Hyperglycemia-Associated Agents: May diminish the therapeutic effect of Antidiabetic Agents. Monitor therapy
Hypoglycemia-Associated Agents: May enhance the hypoglycemic effect of other Hypoglycemia-Associated Agents. Monitor therapy
Hypoglycemia-Associated Agents: Antidiabetic Agents may enhance the hypoglycemic effect of Hypoglycemia-Associated Agents. Monitor therapy
Lumacaftor and Ivacaftor: May decrease the serum concentration of CYP2C9 Substrates (High Risk with Inhibitors or Inducers). Lumacaftor and Ivacaftor may increase the serum concentration of CYP2C9 Substrates (High Risk with Inhibitors or Inducers). Monitor therapy
Maitake: May enhance the hypoglycemic effect of Agents with Blood Glucose Lowering Effects. Monitor therapy
Monoamine Oxidase Inhibitors: May enhance the hypoglycemic effect of Agents with Blood Glucose Lowering Effects. Monitor therapy
Pegvisomant: May enhance the hypoglycemic effect of Agents with Blood Glucose Lowering Effects. Monitor therapy
Prothionamide: May enhance the hypoglycemic effect of Agents with Blood Glucose Lowering Effects. Monitor therapy
Quinolones: May enhance the hypoglycemic effect of Agents with Blood Glucose Lowering Effects. Quinolones may diminish the therapeutic effect of Agents with Blood Glucose Lowering Effects. Specifically, if an agent is being used to treat diabetes, loss of blood sugar control may occur with quinolone use. Monitor therapy
Ritodrine: May diminish the therapeutic effect of Antidiabetic Agents. Monitor therapy
Salicylates: May enhance the hypoglycemic effect of Agents with Blood Glucose Lowering Effects. Monitor therapy
Selective Serotonin Reuptake Inhibitors: May enhance the hypoglycemic effect of Agents with Blood Glucose Lowering Effects. Monitor therapy
Teriflunomide: May increase the serum concentration of OATP1B1/1B3 (SLCO1B1/1B3) Substrates. Monitor therapy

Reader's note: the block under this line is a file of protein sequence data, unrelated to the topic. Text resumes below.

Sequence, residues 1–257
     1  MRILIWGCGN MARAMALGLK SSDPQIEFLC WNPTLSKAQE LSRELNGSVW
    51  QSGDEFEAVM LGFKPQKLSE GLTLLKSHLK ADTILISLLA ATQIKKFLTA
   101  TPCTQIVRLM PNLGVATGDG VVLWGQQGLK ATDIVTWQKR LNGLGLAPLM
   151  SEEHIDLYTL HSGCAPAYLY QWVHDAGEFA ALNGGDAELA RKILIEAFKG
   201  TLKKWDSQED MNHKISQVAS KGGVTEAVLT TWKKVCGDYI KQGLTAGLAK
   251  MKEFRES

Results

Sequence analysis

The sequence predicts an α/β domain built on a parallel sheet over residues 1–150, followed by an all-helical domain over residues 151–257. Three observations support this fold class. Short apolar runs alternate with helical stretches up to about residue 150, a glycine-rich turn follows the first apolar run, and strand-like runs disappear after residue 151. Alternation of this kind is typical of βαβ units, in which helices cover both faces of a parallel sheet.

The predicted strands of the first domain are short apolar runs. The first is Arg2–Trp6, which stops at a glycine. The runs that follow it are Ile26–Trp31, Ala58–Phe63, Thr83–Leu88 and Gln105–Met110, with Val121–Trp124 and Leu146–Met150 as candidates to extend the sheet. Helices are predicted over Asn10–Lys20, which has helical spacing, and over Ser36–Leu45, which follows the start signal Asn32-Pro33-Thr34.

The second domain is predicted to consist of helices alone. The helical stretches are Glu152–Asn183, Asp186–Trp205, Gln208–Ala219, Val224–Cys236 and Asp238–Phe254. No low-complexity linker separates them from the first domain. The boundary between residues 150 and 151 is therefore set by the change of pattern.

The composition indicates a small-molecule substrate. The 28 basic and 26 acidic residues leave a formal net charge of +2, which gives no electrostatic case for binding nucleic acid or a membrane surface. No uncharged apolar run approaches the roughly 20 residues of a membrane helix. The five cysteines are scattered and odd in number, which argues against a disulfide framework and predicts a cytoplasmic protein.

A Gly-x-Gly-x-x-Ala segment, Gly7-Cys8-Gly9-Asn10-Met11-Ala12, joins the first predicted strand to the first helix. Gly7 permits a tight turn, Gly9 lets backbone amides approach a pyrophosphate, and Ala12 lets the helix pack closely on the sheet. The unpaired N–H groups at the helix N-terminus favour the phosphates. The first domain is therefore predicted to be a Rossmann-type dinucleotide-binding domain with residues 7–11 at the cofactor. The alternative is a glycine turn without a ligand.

Thiazide and Thiazide-Like Diuretics: May diminish the therapeutic effect of Antidiabetic Agents. Monitor therapy
The following adverse drug reactions and incidences are derived from product labeling unless otherwise specified.
As reported with nateglinide monotherapy:
>10%: Respiratory: Upper respiratory infection (11%)
1% to 10%:
Central nervous system: Dizziness (4%)
Endocrine & metabolic: Hypoglycemia (2%), increased uric acid, weight gain
Neuromuscular & skeletal: Arthropathy (3%)
Respiratory: Flu-like symptoms (4%)
Miscellaneous: Accidental injury (3%)
Postmarketing and/or case reports: Cholestatic hepatitis, hypersensitivity reaction (including pruritus, rash, urticaria), increased liver enzymes, jaundice
Concerns related to adverse effects:
• Hypoglycemia: May cause hypoglycemia; risk factors include inconsistent nutrition, physical activity changes, concomitant use with other antidiabetic therapy, ethanol use, renal impairment, and hepatic impairment. Appropriate patient selection, dosage, and patient education are important to avoid hypoglycemic episodes.
• Adrenal/pituitary impairment: Use with caution in patients with adrenal and/or pituitary impairment; may be more susceptible to glucose-lowering effects.
• Bariatric surgery:
– Altered absorption: Absorption may be altered given the anatomic and transit changes created by gastric bypass and sleeve gastrectomy surgery (Mechanick 2013; Mingrone 2016).